instance, produces a conventional, herbicide-resistant oilseed rape, or
canola, that has similar advantages for weed control as its GM
counterparts. And whereas the GM 'golden rice', engineered to contain a
gene that boosts the production of vitamin A by people who eat its grain,
has attracted much publicity, conventional breeding is also being
deployed to improve the nutritional value of this staple crop. IRRI has
produced a cultivar of rice called IR68144 that bears grain rich in iron,
and so could be used to combat anaemia. Even for crops such as the
banana, which is unable to reproduce sexually without specialist human
intervention, conventional breeding may still have a role to play (see
"Bananas in the fertility clinic").

What's more, the GM crops developed so far generally involve only the
addition of a single gene. Looking to the future, it's unclear whether
complex traits, which are thought to involve multiple genes, will be
amenable to manipulation through genetic engineering. "In the long term,
you need heat tolerance, salt tolerance, greater yield and so on," says
Paul Gepts, a crop geneticist at the University of California, Davis.
"Some say you can do it with genetic engineering, but we just don't know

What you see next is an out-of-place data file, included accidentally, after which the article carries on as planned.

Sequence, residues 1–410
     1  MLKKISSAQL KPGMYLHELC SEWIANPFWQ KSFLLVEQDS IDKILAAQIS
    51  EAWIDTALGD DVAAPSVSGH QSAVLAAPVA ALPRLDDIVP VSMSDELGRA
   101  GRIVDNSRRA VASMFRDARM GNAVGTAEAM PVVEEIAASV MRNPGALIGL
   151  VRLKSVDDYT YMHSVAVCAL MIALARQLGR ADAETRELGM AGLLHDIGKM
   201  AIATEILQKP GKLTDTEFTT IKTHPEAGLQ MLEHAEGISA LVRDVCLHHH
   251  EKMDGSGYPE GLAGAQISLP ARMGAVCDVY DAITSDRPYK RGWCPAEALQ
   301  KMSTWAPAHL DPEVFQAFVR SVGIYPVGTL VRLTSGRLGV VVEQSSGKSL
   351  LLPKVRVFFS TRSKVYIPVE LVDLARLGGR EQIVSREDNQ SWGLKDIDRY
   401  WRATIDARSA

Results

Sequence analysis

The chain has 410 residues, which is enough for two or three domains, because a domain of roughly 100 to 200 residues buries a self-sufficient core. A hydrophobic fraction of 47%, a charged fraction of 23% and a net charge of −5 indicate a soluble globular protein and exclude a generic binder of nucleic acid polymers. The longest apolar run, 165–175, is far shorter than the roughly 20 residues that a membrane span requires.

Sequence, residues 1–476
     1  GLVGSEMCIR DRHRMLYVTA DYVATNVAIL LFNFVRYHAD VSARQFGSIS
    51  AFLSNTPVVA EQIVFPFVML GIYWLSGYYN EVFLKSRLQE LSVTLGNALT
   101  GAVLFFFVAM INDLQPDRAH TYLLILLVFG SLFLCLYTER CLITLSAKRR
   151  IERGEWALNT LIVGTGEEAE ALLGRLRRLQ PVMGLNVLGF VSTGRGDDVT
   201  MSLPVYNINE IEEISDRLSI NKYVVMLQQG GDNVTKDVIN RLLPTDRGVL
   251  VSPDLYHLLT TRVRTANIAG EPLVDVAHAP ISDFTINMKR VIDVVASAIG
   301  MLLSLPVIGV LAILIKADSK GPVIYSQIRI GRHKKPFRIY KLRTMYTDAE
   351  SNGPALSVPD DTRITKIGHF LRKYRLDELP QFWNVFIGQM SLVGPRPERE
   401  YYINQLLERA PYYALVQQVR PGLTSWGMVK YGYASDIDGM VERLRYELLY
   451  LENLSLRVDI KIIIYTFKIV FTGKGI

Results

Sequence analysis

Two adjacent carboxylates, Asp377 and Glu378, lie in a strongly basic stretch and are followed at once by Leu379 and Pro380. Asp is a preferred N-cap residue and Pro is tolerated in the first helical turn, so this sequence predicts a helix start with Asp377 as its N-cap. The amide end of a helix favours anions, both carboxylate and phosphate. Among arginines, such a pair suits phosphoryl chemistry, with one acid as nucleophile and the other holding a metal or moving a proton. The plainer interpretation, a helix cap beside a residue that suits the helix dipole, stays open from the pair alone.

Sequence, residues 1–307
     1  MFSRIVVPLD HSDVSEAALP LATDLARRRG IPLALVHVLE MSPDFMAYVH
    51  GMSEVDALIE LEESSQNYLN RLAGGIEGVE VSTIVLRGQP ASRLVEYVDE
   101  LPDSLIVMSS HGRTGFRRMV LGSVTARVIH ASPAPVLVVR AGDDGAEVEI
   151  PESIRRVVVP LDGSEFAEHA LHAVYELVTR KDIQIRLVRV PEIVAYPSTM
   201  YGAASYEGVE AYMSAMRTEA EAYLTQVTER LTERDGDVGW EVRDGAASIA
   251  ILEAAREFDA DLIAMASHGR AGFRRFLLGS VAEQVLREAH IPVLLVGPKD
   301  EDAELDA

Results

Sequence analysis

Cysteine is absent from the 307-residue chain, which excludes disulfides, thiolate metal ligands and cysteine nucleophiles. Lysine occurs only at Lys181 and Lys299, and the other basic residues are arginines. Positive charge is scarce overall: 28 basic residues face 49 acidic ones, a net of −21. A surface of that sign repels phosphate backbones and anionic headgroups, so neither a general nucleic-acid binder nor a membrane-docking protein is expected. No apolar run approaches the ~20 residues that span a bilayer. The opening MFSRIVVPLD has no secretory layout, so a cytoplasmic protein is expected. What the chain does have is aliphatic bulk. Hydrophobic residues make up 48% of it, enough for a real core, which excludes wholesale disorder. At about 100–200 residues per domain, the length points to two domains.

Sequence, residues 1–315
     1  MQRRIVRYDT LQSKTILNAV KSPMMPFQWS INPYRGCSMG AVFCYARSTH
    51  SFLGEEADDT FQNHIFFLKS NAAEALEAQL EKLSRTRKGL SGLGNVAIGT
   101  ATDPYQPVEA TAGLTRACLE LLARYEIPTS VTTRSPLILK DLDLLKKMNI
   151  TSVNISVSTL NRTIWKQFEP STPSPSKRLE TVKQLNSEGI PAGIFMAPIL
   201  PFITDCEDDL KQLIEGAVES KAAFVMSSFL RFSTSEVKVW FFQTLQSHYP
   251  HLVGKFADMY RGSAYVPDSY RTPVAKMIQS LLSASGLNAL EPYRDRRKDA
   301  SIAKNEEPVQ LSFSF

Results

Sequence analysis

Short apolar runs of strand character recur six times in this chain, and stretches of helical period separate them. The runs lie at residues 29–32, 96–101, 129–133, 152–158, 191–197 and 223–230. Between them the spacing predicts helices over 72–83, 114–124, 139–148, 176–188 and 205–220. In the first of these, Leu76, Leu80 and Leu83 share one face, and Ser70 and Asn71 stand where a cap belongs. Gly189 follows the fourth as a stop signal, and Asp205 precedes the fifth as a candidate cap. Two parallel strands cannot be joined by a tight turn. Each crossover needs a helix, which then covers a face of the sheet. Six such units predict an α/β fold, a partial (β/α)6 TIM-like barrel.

how those systems work and how those genes interact." By contrast,
practical experience has shown that conventional breeding can be used to
improve a suite of subtle traits simultaneously.

All of this makes Donald Duvick, who was head of research at Pioneer Hi-
Bred until his retirement in 1990, concerned about the future of crop
improvement should the agribiotech giants lose their enthusiasm for
transgenics. "I worry that the results will be so far in the future that
industry will say 'we can't wait that long'," he says. If so, the
depleted public-sector effort in plant breeding may be ill-equipped to
take up the slack.

There are already hints that some companies are pulling back from long-
term investments in high-tech crop improvement. Only last month, the
Swiss-based multinational Syngenta closed its Torrey Mesa Research
Institute near San Diego, which was a major force in crop genomics. And
both Syngenta and its US rival DuPont, which owns Pioneer Hi-Bred, have
recently withdrawn funding from the John Innes Centre. "The industry is
in turmoil," says Gale.

Against this sombre background, can anything be done to safeguard future
progress in crop improvement by reviving the science of plant breeding in
the public sector? There is no easy answer, but some experts suggest that
the future lies in boosting the power of conventional breeding by
marrying it to genomic and other molecular-genetic techniques, while